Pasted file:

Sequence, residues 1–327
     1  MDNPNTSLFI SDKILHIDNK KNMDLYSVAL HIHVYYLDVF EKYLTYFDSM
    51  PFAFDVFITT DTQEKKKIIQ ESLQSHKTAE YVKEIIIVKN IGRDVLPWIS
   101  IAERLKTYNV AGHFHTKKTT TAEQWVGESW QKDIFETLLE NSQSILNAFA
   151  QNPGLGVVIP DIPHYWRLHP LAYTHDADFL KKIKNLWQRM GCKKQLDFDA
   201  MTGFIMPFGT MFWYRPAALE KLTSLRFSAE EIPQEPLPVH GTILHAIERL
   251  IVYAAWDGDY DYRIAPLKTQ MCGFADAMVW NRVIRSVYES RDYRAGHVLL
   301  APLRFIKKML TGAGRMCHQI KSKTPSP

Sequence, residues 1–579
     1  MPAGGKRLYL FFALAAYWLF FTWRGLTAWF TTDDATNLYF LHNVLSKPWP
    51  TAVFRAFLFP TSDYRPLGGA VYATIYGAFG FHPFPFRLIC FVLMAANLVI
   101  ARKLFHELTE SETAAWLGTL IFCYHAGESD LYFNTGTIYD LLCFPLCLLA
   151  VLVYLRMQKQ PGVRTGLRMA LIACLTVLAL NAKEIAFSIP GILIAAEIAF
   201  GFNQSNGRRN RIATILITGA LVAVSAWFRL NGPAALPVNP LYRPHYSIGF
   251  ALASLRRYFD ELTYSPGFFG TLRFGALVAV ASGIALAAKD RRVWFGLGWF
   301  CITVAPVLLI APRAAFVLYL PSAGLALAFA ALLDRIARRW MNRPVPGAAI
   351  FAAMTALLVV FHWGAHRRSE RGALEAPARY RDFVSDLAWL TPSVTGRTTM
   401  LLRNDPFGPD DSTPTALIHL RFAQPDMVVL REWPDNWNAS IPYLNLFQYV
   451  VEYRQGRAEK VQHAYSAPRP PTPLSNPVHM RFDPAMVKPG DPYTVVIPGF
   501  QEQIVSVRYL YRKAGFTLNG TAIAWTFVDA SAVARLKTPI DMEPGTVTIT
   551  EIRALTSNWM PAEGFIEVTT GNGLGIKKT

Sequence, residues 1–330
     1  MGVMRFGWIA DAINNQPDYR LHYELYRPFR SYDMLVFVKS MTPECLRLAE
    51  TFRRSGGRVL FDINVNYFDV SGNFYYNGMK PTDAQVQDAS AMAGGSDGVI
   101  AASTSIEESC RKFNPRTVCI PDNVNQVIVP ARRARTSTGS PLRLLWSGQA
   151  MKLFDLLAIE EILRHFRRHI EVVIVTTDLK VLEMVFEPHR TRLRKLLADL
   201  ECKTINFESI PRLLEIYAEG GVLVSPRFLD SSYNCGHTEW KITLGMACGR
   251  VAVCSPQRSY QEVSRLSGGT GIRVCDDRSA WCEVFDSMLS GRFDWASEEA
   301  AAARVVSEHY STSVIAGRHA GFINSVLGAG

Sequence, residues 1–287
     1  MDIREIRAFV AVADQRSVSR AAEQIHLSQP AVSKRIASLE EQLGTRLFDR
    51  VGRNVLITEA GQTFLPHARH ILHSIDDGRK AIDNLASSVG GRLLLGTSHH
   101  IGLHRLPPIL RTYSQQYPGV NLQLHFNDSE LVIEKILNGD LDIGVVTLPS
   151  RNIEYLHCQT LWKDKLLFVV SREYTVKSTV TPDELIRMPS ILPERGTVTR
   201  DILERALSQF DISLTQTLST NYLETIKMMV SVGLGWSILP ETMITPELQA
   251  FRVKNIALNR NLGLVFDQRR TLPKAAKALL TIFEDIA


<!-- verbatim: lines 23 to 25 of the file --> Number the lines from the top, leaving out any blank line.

     1  MGVMRFGWIA DAINNQPDYR LHYELYRPFR SYDMLVFVKS MTPECLRLAE
    51  TFRRSGGRVL FDINVNYFDV SGNFYYNGMK PTDAQVQDAS AMAGGSDGVI
   101  AASTSIEESC RKFNPRTVCI PDNVNQVIVP ARRARTSTGS PLRLLWSGQA